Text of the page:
CULTURE

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CULTURE
Paramount Chief Lundu of Chikwawa has declared that legalized chamba and legalized commercial sex work are not Malawian culture. This initiates a very interesting discussion, better known as a can of worms. The question it raises is: what is Malawian culture? For “culture” we can look up the dictionary which says:
“Culture refers to the cumulative deposit of knowledge, experience, beliefs, values, attitudes, meanings, hierarchies, religion, notions of time, roles, spatial relations, concepts of the universe, and material objects and possessions acquired by a group of people in the course of generations through individual and group striving.”
That is a big mouthful, and takes a minute or two to take in. If you read this ttentively it becomes immediately clear that culture cannot stay the same over time. These beliefs, experiences etc change for the whole group from era to era. Just take the example of Christianity: this was not Malawian culture before Livingston brought it in. But today it is very much part of the collective belief system of the group called Malawi. 200 years ago it was unknown and the religions were true African religions like Nyau and such. Over time Christianity has become part of the belief system of the majority of Malawians. So then the question is: how does something become Malawian culture? And do we have one Malawian culture, a National Culture like Hastings Kamuzu Banda was striving for, or do we have different cultures in different regions? The answer is obviously both: we have collective national belief systems like our National Anthem which is doubtless part of Malawian culture, and we have more local cultures like Gule Wamkulu in the centre and different cultures in other regions.
Then types of culture evolve to suit the needs of a population as the country develops. We all strive for development of the country, and this means that we strive for change. This change will be reflected in the culture. For instance the Gule Wamkulu is changing, but not disappearing: in the 1950s there was very little cash economy in the rural areas. So in the dry season the village would have nothing else to do than sit together and create big Gule Wamkulu structures. These days in the dry season people go around looking for paid work to raise money and to contribute to the development of the country economically. So there is less time to create big structures, and these are rarer than they used to be 50 years ago. At the same time with more cash, dancers receive tips. This enables them to be more professional about the dancing, and spend time practicing rather than going around looking for Ganyu. So the dancing professionalises, and this can support tourism, which brings in foreign currency, which supports the economy. Again development. Culture develops along with the needs of the population, and drives development at the same time.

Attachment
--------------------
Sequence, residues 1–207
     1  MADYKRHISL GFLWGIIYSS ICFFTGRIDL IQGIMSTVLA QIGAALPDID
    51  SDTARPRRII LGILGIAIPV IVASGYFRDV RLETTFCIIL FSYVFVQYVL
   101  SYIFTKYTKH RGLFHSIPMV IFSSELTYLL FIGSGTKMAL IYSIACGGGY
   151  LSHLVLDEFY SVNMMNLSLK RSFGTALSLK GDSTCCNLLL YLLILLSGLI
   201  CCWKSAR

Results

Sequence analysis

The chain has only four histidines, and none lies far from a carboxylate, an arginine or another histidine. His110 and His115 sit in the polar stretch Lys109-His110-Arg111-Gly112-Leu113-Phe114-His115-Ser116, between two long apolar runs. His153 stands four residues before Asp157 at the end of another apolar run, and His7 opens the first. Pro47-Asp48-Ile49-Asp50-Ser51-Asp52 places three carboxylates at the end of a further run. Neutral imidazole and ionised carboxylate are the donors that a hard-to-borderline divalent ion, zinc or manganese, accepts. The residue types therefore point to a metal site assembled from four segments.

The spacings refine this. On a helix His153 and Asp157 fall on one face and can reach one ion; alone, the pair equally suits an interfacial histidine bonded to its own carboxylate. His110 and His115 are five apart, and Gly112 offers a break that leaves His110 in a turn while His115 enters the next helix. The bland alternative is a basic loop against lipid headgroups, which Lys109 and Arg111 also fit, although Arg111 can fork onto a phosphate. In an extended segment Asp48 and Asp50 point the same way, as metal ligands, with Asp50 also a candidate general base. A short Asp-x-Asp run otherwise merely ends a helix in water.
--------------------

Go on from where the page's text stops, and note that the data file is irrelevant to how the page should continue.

Also there are groups of Malawians who create and enjoy for instance Chichewa hip hop music, and this has clearly become part of Malawian culture over the past decades. How does something become Malawian culture? Who decides what “is part of Malawian culture” and what “is not”, like Chief Lundu stated? The chiefs are custodians of tradition, but not always in the best position to decide about modern culture, like hip hop. And what if we decide that something should become part of Malawian culture because it improves the country and suits the needs of the population. Then we integrate it into our cumulative deposit of knowledge, experience, beliefs, values, attitudes, meanings, hierarchies, religion, notions of time, roles, spatial relations, concepts of the universe, and material objects and possessions. One example is the mobile phone. It helps us run our businesses and maintain our contacts, and has grown very popular in very short time. It used to be foreign, but now it is integrated in our system. Likewise with the car, piped water, electricity, radio, democracy just to name a few.
The statement that legalised commercial sex is not part of Malawian culture now may be correct, illegal commercial sex is clearly part of the experience of many Malawians. Which according to the definition includes it in Malawian culture. If today, legalised commercial sex work is not part of Malawian culture, we can make it Malawian culture tomorrow if we decide that legal sex is better suited to our nation than illegal sex. It is up to us as a group to decide, and to instruct our representatives in Parliament and Government to make sure the laws reflect the needs of Malawians. We shape our culture according to our needs, that’s the power of culture and the power of the Malawian people.

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Blantyre Water Board should be renamed Blantyre Water Shortage Board.